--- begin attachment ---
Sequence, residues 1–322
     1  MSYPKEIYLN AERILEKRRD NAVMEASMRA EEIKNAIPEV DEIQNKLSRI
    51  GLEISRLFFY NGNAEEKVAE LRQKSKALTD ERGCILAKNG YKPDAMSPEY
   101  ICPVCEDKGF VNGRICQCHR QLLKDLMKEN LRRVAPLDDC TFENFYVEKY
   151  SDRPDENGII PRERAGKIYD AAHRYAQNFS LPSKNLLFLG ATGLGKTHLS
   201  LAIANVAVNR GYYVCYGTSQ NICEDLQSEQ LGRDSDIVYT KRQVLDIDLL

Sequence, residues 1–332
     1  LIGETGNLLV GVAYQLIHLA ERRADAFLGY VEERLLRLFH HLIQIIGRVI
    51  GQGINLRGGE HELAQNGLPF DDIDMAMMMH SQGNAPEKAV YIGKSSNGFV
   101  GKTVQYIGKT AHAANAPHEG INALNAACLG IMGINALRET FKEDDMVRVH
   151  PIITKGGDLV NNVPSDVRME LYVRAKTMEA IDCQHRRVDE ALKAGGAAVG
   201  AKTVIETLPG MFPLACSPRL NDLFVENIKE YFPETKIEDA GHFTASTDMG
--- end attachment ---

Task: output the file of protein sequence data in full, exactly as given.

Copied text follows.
Sequence, residues 1–322
     1  MSYPKEIYLN AERILEKRRD NAVMEASMRA EEIKNAIPEV DEIQNKLSRI
    51  GLEISRLFFY NGNAEEKVAE LRQKSKALTD ERGCILAKNG YKPDAMSPEY
   101  ICPVCEDKGF VNGRICQCHR QLLKDLMKEN LRRVAPLDDC TFENFYVEKY
   151  SDRPDENGII PRERAGKIYD AAHRYAQNFS LPSKNLLFLG ATGLGKTHLS
   201  LAIANVAVNR GYYVCYGTSQ NICEDLQSEQ LGRDSDIVYT KRQVLDIDLL

Sequence, residues 1–332
     1  LIGETGNLLV GVAYQLIHLA ERRADAFLGY VEERLLRLFH HLIQIIGRVI
    51  GQGINLRGGE HELAQNGLPF DDIDMAMMMH SQGNAPEKAV YIGKSSNGFV
   101  GKTVQYIGKT AHAANAPHEG INALNAACLG IMGINALRET FKEDDMVRVH
   151  PIITKGGDLV NNVPSDVRME LYVRAKTMEA IDCQHRRVDE ALKAGGAAVG
   201  AKTVIETLPG MFPLACSPRL NDLFVENIKE YFPETKIEDA GHFTASTDMG